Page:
Leon Hall, fortunately, is still there, though he’s in the final year of his contract. He had a down year in 2010, but you’d be hard pressed to find any corner not named Darrelle Revis who had a better 2009 than Hall did. Safety is a weakness of this team as both Chris Crocker and Reggie Nelson are pretty mediocre. They didn’t resign Roy Williams, who arguably was their best safety last season, and they missed out on signing Donte Whitner, who it was widely assumed they would sign.
I mentioned their injuries earlier. One of the biggest injuries was to left end Antawn Odom. Odom was apparently still not in great shape because he was cut in training camp. Robert Geathers started at left end in his absence. He offers little to nothing as a pass rusher and managed just 1 sack last year. He’ll start again at left end unless Michael Johnson can live up to his billing. There was a lot of hope that the 2009 3rd round pick Johnson would live up to his amazing athleticism in the pros, but he’s managed just 5.5 sacks in 2 seasons and doesn’t make up for it in run support.
Fortunately, the polar opposite is true on the right side. Rookie 2nd round pick Carlos Dunlap had 9.5 sacks last year, with all but 1 of them coming in his final 6 games. He should break into double digits this year as a 2nd year player. He’s also solid against the run. Domata Peko is also solid against the run at defensive tackle, as is Tank Johnson. Neither offer much of a pass rush, but 2nd year player Geno Atkins does. He was a terrific nickel rusher for them last season. He only played 355 snaps, but he had 5 sacks, 7 quarterback hits, and 19 quarterback pressures. If he can be more consistent against the run, he could unseat Tank Johnson in the starting lineup.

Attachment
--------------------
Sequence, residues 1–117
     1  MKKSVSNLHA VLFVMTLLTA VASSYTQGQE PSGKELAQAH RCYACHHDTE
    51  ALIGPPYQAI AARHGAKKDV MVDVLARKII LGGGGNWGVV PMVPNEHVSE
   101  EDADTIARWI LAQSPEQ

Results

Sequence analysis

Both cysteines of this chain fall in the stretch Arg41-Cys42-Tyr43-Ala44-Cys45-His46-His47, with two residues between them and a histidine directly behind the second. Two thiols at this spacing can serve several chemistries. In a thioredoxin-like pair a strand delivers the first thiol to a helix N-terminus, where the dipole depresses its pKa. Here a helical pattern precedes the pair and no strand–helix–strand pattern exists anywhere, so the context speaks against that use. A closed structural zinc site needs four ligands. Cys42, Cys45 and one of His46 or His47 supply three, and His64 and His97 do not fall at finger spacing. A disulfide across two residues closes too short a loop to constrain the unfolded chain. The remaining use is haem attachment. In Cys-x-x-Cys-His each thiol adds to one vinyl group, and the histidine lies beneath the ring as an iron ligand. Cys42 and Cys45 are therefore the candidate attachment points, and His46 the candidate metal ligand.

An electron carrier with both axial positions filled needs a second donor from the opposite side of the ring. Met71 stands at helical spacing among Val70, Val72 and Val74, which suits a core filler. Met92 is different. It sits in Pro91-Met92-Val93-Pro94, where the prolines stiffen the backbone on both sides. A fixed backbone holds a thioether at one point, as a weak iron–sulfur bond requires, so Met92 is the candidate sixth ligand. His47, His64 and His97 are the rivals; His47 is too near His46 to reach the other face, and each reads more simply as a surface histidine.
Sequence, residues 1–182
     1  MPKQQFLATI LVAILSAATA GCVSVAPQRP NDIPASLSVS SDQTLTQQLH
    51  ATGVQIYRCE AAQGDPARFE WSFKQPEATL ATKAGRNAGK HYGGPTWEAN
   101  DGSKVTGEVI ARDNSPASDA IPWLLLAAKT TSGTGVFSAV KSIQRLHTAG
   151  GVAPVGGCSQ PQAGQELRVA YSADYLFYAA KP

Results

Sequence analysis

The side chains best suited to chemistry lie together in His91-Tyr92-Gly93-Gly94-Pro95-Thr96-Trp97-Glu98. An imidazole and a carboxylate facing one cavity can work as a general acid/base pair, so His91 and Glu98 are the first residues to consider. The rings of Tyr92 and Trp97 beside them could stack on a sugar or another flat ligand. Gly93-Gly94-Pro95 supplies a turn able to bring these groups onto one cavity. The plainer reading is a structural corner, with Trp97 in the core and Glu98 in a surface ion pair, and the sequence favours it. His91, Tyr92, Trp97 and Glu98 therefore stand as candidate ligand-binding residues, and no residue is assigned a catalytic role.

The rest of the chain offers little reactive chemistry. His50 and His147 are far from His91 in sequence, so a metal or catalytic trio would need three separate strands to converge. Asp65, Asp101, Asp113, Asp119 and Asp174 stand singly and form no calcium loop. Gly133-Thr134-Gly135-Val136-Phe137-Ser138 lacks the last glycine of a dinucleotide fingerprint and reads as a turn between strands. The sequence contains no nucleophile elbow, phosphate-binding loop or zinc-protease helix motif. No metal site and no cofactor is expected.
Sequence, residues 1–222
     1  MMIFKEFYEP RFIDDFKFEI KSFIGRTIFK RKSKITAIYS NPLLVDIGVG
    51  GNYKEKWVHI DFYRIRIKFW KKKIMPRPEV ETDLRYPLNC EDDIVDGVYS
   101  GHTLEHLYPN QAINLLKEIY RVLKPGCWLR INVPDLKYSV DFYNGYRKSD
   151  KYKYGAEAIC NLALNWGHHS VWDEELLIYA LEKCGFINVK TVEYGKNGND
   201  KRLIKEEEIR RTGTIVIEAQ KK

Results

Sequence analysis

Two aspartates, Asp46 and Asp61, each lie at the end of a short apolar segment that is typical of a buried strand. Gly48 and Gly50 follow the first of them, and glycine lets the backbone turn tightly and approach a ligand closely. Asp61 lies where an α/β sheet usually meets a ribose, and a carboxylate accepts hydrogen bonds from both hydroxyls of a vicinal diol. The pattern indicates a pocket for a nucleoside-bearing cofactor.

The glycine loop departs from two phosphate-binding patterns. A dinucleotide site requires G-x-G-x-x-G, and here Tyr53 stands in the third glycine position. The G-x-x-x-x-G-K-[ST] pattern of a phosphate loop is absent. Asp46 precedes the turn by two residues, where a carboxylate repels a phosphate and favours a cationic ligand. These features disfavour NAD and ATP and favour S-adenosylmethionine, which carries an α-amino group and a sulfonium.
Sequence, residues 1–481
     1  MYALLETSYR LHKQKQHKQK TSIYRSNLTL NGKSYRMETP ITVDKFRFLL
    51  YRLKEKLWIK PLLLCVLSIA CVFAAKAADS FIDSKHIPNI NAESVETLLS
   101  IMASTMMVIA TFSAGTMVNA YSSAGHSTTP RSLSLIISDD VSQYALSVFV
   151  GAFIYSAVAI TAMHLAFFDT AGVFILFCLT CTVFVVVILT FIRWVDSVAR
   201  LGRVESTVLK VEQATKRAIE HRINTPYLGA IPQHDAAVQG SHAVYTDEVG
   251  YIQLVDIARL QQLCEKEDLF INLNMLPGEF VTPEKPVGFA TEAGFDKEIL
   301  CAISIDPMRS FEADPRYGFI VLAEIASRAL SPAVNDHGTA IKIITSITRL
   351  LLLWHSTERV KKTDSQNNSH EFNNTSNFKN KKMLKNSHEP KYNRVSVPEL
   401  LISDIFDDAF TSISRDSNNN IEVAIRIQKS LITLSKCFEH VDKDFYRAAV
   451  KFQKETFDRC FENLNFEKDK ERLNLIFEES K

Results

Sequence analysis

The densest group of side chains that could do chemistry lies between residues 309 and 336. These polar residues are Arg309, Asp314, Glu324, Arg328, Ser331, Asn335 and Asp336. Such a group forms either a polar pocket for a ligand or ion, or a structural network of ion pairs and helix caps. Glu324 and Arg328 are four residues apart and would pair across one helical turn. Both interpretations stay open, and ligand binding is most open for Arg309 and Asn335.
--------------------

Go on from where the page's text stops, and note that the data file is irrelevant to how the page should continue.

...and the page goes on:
Veteran linebacker Dhani Jones is gone. He didn’t have much left in the tank anyway. He led the team in tackles, but he’s 33 and slowed down towards the end of the season. With Jones gone, Rey Maualuga will move to his natural position inside at middle linebacker. He was solid for two years on the strong side, but I’m intrigued to see what the talented 2009 2nd round pick can do at his natural position.
Replacing Maualuga on the strong side is free agent acquisition Manny Lawson. Lawson was a bust, as a former first round pick of San Francisco’s, in a 3-4, but his skill set fits the 4-3 like what the Bengals run more than a 3-4. They got him cheap and I think he’ll be a really solid player for them. They also have rookie 3rd round pick Dontay Moch in the mix once he returns from a broken foot midseason.
Moch is the opposite of Lawson. I thought he fit a 3-4 better than a 4-3. He’s a good pass rusher so he’ll probably be in on nickel packages and he could be used like Brian Orakpo was as a rookie, provided he proves himself. On the weak side is Keith Rivers. Rivers has never lived up to his billing as the 9th overall pick in 2008, but he’s not a bad player either.
Overall, I think the Bengals are in for another bad season. Neither of their quarterbacks, Gradkowski nor Dalton, have great arms. I think Dalton was overrated as a 2nd round pick and would have been a mid rounder had this been a better quarterback class. It doesn’t help that both quarterbacks will be working with an inexperienced, albeit talented group of receivers. They have mediocre talent at running back and no one to carry the load should Benson go down with an injury or struggle. They will have a lot of growing pains on offense with a new coordinator, a new quarterback, and inexperienced receivers.
Defensively, they will struggle to create a consistent pass rush opposite Carlos Dunlap, while they’ll really miss Johnathan Joseph at cornerback. I think the best Bengals fans can hope for from this season is that Andy Dalton does what Colt McCoy did last year, wins them some games and gives them some hope for the future. My money is against Dalton, however, and on the Bengals having a high pick next April and potentially looking for a new signal caller (Andrew Luck? Matt Barkley?) once again.
Running backs: C
Receiving corps: C+
Offensive line: B-
Pass rush: C+
Run defense: B
Pass coverage: C
Projection: 3-13 4th in AFC North